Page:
18 December, 2017
1. After the United States, the UK is the second most popular destination for international students studying outside their home country, attracted by the English language and by the reputation of the UK for education of outstanding quality.
2. International students pay considerable amounts in tuition fees and are a much needed revenue stream for universities. Also, by spending their money in the local community, they create and sustain jobs. We estimated that in 2010/11 non-EU students were worth £6 billion to the UK economy. Read our assessment of the economic value of international students here. In 2014, Universities UK estimated this contribution at £7 billion (See here).
3. On return to their home countries, students are more likely to do business with Britain and are often ‘ambassadors’ for this country making them an important source of ‘soft power’. A very significant number of Heads of State and other notable persons have been educated in Britain. See this list of notable alumni of British Universities.
4. There is no limit on the number of genuine students who can come to the UK to study. The UK has a very competitive offer compared to the USA, Australia, Canada and New Zealand, our competitor countries. (Read our guide to the student visa conditions across the English speaking world here) Students from the EU are, of course, free to come and go and we would like to see free movement retained for European students when the UK leaves the EU in March 2019.
5. The benefits of students are maximised when the majority go home at the end of their studies. If they stay on they add to the population and add to the pressure on housing and public services. Of course, the brightest and best students should be able to stay on for work, to start a business or conduct pioneering research. There are arrangements in place to permit all of these outcomes but the majority of students should be going home once they complete their studies.
6. However, the statistics are unclear on the extent to which students are contributing to net migration. This is because the International Passenger Survey is not adequately capturing students departing the country. (For more on this see here) We do know, however, that between 2009 and 2015 an average of 27,000 non-EU migrants who originally arrived as students or the dependants of students were granted permanent settlement each year. (Read our summary of student settlement here)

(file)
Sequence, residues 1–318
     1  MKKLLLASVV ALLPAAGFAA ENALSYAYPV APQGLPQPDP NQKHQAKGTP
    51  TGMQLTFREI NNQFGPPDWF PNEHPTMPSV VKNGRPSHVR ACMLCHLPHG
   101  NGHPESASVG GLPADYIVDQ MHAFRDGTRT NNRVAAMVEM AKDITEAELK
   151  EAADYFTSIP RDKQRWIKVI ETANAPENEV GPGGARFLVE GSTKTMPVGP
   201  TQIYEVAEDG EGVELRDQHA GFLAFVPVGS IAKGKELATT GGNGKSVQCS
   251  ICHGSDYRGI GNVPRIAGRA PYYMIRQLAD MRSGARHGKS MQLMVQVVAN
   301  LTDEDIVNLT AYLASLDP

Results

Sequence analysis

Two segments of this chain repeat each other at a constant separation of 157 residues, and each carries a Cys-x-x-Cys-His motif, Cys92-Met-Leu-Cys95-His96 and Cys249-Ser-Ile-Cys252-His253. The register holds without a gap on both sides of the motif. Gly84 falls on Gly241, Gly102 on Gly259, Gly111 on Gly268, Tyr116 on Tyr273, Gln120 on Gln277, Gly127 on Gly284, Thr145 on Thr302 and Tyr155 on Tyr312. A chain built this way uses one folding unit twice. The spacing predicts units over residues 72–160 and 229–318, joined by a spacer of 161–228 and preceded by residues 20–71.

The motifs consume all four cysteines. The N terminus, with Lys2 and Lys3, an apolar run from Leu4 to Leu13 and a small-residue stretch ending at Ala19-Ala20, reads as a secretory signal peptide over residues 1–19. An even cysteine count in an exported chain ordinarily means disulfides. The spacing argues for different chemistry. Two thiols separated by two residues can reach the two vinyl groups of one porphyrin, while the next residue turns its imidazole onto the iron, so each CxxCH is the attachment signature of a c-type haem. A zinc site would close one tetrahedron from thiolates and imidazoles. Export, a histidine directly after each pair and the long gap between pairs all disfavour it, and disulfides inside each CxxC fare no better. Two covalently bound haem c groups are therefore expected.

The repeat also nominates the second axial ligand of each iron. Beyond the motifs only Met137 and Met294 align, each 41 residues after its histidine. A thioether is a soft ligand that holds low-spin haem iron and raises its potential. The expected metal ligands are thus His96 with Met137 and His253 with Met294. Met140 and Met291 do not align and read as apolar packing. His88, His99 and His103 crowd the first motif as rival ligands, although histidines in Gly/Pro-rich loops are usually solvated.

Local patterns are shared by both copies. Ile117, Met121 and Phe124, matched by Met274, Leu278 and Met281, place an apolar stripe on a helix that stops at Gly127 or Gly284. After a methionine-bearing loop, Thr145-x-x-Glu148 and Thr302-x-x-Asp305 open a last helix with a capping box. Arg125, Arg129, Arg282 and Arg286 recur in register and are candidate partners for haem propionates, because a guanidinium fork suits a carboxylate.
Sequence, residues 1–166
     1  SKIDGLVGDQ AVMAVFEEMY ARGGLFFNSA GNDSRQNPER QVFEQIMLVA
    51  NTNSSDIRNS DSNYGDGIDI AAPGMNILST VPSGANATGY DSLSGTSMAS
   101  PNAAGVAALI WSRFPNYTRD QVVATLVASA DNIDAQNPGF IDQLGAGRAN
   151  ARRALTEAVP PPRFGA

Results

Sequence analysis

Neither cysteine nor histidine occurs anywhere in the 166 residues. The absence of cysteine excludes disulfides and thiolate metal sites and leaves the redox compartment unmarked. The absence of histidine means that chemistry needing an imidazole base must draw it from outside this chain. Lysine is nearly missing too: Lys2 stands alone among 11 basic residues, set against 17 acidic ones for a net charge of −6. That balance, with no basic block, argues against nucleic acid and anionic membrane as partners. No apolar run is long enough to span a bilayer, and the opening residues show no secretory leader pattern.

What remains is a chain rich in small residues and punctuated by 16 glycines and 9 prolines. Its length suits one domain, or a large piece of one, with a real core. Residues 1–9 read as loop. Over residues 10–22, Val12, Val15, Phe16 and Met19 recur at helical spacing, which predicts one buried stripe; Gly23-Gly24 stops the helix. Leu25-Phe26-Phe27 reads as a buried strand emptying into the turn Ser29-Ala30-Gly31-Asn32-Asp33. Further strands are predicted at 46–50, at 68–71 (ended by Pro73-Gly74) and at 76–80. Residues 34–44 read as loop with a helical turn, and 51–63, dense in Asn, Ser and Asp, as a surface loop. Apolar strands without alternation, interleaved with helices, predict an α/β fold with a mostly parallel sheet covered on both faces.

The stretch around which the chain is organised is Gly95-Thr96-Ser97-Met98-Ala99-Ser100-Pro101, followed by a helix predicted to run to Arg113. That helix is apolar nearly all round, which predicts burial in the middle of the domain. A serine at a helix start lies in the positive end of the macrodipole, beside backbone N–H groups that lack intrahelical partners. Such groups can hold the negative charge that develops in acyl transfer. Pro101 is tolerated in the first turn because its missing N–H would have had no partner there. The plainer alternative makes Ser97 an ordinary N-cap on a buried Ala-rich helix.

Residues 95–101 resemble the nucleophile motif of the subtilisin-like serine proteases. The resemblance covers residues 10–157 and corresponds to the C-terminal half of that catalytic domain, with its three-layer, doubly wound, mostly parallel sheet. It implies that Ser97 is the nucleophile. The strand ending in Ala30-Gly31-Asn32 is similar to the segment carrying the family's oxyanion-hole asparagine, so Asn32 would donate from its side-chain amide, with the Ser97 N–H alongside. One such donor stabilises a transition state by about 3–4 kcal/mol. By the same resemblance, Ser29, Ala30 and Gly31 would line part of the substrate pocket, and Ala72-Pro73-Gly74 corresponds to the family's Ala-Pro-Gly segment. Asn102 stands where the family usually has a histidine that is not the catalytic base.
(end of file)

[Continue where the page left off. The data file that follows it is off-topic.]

7. In April 2015, the government introduced exit checks for those departing the country. The exit check data is now showing that of those who should have left the country when their visa expired 97% did so on time. However the same analysis is also showing a large cohort – just under 60,000 in 2015/16 – extending their visa for further study, work or family reasons.
8. The student system has been seriously abused in recent years. In 2008, the then Labour government introduced a new Points Based System for all migrants, including students. The system was a paper based system with no contact with an immigration officer and was therefore wide open to abuse. Applications around the world soared and visa sections in parts of India, China, Bangladesh and Nepal were closed to new applicants for up to six months amid concerns over fraudulent applications. The National Audit Office (NAO) subsequently concluded that in 2010, the first year of operation of the Points Based System 50,000 ‘students’ came to work rather than study. You can read a summary of the NAO report here.
9. In 2012 the government reformed the student route in an attempt to eliminate this abuse. It introduced tougher language requirements and, importantly, interviews. It also restricted working rights and ensured that only legitimate education establishments could sponsor students. Almost 900 colleges have now lost the right to recruit international students.
10. As might be expected, the number of students fell as bogus students were refused or withdrew their applications. Some might have been deterred by negative press coverage but this should now have settled. The exit check data suggest that reforms to the student route has weeded out those whose intention was to remain permanently in the UK.
11. While the number of student visa grants to non-EU students has fallen since 2010, visa applications to study at university have increased by 17% over the same period and visa applications for study at Russell Group universities have increased by 47%. It is therefore clear that the government were successful in their efforts to eradicate abuse of the route while protecting Britain’s vital university sector.
12. The UK remains a very attractive country in which to live and the student route remains one of the easier ways of getting to the UK now that work migration has been restricted to those offered highly skilled jobs. The government must therefore remain vigilant to emerging patterns of abuse.
13. It remains essential that students continue to be included in the net migration statistics. A proportion of them stay on entirely legally and add to population growth, just like others such as work and family migrants. This is no doubt the reason that all of Britain’s competitor countries include students in net migration statistics.
14. The public agree (by a margin of 50% to 34%) that students should remain part of net migration calculations. (See September 2016 YouGov poll reported here)